Thus, today the old line between the West and the East reemerges in a different form. The West is not supposed to subtract certain periods of its cultural history from its cultural capital (maybe the only exclusion here is the German art of the Nazi era). This produces obvious inequality in the conditions of cultural accumulation and capitalization. However, on the level of official cultural policy, this Western point of view has also been adopted by Eastern European countries. This culturally conservative discourse currently dominates the public scene in Russia. But also in Eastern Europe, communism is understood mostly as a mere interruption, interval, or delay in the so-called normal development of these countries—a delay which, once it was over, left no traces other than a certain appetite to “make up for lost time” and build capitalism of the Western variety. The project of building capitalism through the erasure of the leftovers of communism reminds one of the well-known politics of erasing the leftovers of capitalism, with the goal of building communism.
One can say that this is the anti-Communist perspective on the phenomenon of Eastern European “real socialism.”However, Western leftist intellectuals share this perspective, even if they do so for different reasons. When it came to the Soviet Union, Western intellectuals were convinced that they understood Marxism much better than Russians did—and this insight was enough for them to see the entirety of Soviet culture as a historical mistake. So for them, any further investigation of Soviet culture made no sense because it was clear from the beginning that this culture was based on an interpretation of Marxism that was simply wrong (dogmatic, primitive, and so forth). State socialism of the Soviet variety was seen as a perversion and a betrayal of the Communist ideal, a totalitarian dictatorship that was more a parody of communism than its true fulfillment. Thus, from the position of the Western Left, real socialism also looks like a mere delay—this time, a delay in the development of the communist ideal. Thus, there is a consensus among the Left and the Right in the West that the Eastern European Communist experiment should be forgotten. Both the Left and the Right reject “historical communism,” or “national communism,” or “communism in one country” because it offers a peculiar mixture of particular national traditions and the universalist Communist project. The conservatives hate communism for contaminating the national traditions that they want to purify from everything Communist. And the Neo-Communists want, on the contrary, to remove all the elements of Russianness, Chineseness, and so on, to restore the Communist ideal in its absolute purity.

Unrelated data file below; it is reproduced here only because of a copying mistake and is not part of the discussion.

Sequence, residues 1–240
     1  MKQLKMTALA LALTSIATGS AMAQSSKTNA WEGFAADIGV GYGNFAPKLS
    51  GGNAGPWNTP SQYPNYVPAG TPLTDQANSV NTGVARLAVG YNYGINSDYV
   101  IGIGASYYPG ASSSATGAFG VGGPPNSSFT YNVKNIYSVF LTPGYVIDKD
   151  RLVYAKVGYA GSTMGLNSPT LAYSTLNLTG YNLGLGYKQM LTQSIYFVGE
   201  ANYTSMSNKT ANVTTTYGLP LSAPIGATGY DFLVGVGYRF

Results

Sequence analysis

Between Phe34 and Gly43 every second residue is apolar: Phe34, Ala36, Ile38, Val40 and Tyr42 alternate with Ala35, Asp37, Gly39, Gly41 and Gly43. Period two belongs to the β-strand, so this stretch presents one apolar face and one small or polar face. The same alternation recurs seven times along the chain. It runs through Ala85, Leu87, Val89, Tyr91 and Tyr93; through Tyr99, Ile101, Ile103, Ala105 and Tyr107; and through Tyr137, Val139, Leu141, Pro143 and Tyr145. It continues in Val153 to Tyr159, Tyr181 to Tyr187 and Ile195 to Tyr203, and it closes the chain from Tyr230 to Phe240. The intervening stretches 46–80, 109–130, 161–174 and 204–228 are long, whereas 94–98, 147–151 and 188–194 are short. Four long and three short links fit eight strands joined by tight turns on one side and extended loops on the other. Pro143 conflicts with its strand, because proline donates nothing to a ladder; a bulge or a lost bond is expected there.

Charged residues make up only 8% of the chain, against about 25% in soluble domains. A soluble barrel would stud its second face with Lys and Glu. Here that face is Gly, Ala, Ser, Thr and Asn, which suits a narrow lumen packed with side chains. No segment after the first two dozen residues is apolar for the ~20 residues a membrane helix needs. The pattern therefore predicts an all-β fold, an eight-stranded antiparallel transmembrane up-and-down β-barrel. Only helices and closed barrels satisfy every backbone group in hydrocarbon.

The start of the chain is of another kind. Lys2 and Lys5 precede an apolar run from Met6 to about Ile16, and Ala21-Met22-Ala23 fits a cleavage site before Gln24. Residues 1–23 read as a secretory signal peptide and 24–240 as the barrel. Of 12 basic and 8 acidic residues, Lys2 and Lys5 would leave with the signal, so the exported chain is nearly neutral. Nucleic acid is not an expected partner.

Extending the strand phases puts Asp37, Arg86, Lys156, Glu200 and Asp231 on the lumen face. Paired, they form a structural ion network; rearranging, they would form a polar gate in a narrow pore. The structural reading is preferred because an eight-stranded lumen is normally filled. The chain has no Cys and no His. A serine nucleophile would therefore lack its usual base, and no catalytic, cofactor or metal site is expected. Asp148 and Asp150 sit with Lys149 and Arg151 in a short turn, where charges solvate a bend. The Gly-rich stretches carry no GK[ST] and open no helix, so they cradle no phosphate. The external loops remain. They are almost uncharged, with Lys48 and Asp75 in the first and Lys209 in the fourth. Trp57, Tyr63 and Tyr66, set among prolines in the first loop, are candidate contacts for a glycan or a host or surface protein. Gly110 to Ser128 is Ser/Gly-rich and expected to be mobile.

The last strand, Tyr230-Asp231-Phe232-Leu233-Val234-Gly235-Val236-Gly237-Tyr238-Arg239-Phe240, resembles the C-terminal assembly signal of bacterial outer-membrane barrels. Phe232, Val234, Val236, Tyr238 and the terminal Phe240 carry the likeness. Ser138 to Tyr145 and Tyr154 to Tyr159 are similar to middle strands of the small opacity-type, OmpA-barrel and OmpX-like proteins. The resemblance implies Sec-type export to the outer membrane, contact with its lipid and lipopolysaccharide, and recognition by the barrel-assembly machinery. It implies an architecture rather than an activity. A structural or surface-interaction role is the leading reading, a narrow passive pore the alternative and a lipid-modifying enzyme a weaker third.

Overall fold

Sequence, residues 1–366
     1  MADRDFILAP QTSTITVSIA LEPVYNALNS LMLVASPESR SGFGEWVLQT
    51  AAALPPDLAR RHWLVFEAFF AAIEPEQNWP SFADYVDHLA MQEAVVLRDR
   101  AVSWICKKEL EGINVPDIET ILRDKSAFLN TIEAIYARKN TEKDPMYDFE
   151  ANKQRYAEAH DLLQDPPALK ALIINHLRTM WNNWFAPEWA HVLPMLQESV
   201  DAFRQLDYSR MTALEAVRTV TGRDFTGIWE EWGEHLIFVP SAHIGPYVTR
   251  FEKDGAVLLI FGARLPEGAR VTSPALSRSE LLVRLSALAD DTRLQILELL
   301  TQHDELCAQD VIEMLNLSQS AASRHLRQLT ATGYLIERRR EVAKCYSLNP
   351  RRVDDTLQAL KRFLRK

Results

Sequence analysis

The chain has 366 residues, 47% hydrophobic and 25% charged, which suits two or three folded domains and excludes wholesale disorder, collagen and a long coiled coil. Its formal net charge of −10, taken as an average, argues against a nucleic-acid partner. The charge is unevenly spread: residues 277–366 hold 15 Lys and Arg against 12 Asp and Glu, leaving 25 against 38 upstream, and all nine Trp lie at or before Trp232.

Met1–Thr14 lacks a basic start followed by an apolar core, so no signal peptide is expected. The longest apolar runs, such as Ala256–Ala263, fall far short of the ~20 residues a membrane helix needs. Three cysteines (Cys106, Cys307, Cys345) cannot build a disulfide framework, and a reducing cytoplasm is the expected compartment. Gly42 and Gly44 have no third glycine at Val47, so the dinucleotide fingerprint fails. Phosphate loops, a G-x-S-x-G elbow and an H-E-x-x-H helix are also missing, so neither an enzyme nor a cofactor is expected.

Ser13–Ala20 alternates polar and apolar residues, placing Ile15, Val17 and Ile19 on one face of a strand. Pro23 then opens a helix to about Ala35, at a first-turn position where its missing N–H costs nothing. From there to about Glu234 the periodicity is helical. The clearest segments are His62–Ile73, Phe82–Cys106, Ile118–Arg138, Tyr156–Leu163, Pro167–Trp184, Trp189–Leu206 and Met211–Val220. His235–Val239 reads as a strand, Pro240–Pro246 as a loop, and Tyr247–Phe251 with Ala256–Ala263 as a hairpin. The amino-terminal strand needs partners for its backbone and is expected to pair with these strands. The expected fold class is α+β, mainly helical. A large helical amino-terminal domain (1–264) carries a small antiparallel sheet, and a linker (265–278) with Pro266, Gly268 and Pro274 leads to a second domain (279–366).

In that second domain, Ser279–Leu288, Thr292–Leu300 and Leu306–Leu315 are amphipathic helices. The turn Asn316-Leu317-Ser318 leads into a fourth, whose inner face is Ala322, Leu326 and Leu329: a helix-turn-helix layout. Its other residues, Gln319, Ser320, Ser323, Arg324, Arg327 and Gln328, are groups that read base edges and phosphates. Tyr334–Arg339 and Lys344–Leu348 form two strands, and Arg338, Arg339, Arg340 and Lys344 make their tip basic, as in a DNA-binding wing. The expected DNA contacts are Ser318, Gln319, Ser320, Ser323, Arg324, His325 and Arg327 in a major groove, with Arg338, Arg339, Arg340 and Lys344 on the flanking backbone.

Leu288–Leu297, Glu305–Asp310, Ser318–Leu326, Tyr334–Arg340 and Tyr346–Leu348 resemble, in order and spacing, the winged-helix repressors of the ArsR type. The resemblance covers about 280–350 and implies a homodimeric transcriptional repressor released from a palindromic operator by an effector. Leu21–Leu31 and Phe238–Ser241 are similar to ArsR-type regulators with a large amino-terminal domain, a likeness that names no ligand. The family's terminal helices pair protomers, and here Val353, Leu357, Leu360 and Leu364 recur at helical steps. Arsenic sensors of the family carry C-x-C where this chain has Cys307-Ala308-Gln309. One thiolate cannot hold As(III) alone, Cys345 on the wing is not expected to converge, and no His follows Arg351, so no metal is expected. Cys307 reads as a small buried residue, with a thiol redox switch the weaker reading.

Indeed, Stalin’s project of building socialism in one country led to the hybridization of communism and nationalism—and thus to a certain folklorization of communism and the artistic avant-garde. By “folklorization” I mean the integration of Communist ideology and avant-garde art into networks of legends and myths that constitute the historical memory of a particular people, or rather a particular nation. Socialist revolutions inscribed political utopias and the artistic avant-garde into the mass culture of the countries in which these revolutions took place, to a degree that was unthinkable for the countries of the West. For a contemporary post-Soviet citizen there is no basic difference between Malevich’s black square, Mayakovsky’s yellow vest, Lissitzky’s red wedge that beats the whites, and jokes about Chapaev and Pet’ka.
The emergence of this new folklore, or “kitsch,” was diagnosed by Clement Greenberg in his famous essay “Avant-Garde and Kitsch” from 1939. At the end of this essay Greenberg formulates the hope that the avant-garde will be saved by international socialism, i.e. Trotskyism. André Breton, in his manifesto-like text “On the Time When the Surrealists Were Right” (1935), takes a similar position. He quotes the somehow naïve-sounding letters about loving one’s mother and respecting one’s parents published in Komsomolskaya Pravda as a reason for his final break with the Soviet Union. (Obviously these letters were kitsch for him.)